I'll probably take a break, then go for Kurisu's or Amane's next.
 

Perditio

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Oct 29, 2009
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Good review, it's on my to-play list after Kikokugai and Persona3.

I'm kind of regretting watching the anime first, but I just got sick of waiting (I saw a PV for the VN back in '09 and was amazed) - even though the anime was very well done, the artstyle was what really caught my attention. Ah well, at least I can pick up the little nuance things that I would have missed first time through.

You may also want to include a link to the translator's site, for those with the inability/unwillingness to use google.
 

Gigano

Whose Eyes Are Those Eyes?
Oct 15, 2009
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Perditio said:
Good review, it's on my to-play list after Kikokugai and Persona3.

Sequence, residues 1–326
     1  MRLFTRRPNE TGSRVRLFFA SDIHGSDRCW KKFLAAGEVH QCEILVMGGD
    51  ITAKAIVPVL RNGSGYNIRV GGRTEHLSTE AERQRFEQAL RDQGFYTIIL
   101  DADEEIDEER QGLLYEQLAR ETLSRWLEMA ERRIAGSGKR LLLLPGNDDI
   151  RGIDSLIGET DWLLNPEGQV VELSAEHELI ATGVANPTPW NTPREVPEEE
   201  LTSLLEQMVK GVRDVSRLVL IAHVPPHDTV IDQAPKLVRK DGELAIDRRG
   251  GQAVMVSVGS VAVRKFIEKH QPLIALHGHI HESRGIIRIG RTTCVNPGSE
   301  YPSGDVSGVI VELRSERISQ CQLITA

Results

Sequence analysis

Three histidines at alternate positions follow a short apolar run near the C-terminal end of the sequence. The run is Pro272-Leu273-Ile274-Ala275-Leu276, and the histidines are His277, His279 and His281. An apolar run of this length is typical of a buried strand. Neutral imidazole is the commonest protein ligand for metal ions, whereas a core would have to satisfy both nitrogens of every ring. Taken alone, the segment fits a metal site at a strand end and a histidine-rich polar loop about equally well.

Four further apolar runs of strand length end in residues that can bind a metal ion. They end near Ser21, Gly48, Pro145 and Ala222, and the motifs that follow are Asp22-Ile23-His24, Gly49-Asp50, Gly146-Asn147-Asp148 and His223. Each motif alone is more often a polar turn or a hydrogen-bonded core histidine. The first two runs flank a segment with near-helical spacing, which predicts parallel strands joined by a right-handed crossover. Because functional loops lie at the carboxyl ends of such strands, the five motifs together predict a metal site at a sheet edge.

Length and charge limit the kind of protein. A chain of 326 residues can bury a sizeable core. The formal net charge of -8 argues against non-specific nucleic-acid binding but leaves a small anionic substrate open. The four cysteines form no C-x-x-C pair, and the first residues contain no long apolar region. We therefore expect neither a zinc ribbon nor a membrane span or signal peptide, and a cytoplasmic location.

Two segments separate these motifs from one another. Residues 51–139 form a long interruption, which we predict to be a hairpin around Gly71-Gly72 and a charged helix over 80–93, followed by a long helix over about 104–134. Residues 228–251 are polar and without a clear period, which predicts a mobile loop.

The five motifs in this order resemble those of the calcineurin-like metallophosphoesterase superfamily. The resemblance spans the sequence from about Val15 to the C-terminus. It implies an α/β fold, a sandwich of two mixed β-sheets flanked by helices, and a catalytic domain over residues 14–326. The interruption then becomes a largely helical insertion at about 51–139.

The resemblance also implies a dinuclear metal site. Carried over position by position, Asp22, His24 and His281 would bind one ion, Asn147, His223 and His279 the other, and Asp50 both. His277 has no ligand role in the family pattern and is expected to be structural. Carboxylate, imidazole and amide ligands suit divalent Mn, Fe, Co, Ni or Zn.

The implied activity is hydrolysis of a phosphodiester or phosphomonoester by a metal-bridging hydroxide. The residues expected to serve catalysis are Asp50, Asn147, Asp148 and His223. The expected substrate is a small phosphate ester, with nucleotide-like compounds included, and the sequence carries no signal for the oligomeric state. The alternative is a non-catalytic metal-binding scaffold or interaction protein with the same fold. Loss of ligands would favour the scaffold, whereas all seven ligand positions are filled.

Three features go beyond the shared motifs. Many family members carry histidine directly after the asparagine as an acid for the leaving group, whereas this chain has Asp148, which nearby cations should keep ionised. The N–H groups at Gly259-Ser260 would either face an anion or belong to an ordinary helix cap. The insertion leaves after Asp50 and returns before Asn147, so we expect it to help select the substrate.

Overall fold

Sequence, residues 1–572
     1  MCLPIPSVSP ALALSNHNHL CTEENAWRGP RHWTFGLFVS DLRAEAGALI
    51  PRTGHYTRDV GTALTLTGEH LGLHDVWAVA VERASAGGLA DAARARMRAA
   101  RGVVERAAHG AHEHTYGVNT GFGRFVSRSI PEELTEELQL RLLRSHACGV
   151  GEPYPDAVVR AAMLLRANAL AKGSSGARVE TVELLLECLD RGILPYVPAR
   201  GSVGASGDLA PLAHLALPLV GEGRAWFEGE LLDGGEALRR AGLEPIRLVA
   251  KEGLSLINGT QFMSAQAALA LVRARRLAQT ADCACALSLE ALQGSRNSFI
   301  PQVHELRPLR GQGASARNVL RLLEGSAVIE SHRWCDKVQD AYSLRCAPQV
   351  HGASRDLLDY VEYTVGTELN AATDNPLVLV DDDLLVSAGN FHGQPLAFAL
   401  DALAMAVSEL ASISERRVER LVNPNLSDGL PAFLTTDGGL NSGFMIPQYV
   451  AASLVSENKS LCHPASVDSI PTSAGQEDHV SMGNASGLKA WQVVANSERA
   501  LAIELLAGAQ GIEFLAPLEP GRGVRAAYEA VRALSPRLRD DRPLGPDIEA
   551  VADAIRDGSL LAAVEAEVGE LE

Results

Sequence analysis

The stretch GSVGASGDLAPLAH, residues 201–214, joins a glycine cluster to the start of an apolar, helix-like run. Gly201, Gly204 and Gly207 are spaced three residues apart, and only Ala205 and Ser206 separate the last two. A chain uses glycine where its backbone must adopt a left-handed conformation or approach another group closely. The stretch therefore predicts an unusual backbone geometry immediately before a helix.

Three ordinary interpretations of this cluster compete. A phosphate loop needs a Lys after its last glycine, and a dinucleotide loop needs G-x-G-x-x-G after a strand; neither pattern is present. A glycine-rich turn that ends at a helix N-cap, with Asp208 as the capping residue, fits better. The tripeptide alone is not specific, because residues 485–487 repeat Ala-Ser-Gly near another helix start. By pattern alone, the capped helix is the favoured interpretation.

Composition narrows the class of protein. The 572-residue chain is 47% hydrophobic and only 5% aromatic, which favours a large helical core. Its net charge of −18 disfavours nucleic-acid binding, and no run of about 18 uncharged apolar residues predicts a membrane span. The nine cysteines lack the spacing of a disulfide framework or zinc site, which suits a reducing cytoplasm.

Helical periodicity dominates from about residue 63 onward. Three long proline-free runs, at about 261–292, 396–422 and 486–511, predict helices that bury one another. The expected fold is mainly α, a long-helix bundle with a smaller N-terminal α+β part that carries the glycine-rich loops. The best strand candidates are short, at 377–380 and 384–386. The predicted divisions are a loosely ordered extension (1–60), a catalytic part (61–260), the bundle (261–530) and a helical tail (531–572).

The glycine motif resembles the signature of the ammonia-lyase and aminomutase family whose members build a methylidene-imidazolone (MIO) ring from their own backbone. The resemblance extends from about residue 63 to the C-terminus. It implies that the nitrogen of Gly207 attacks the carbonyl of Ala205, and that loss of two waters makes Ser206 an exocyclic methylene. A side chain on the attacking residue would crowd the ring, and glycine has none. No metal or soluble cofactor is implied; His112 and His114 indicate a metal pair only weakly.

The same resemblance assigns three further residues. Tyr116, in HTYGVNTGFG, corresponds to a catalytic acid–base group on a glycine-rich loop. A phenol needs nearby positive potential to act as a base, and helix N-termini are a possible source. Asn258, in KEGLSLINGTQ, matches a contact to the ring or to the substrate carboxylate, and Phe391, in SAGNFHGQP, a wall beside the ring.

I'll more than vouch for Kikokugai as well. It's an incredible action VN and quite a bit more to boot.

I'm kind of regretting watching the anime first, but I just got sick of waiting (I saw a PV for the VN back in '09 and was amazed) - even though the anime was very well done, the artstyle was what really caught my attention. Ah well, at least I can pick up the little nuance things that I would have missed first time through.
It's a bit unfortunate that the anime ran so shortly before this release came out of nowhere. Though on the other hand it might've helped speed it up, and all the added details, (late) alternate branches, and the vast visual upgrade of the CG's remain.

Don't know why they didn't use this texturing in the anime, the character design look quite flat compared to it - Rintarō like a different guy altogether - and Black Rock Shooter already made use of it. Would've probably taken too long to implement or something.

You may also want to include a link to the translator's site, for those with the inability/unwillingness to use google.
Right you are. Done and done.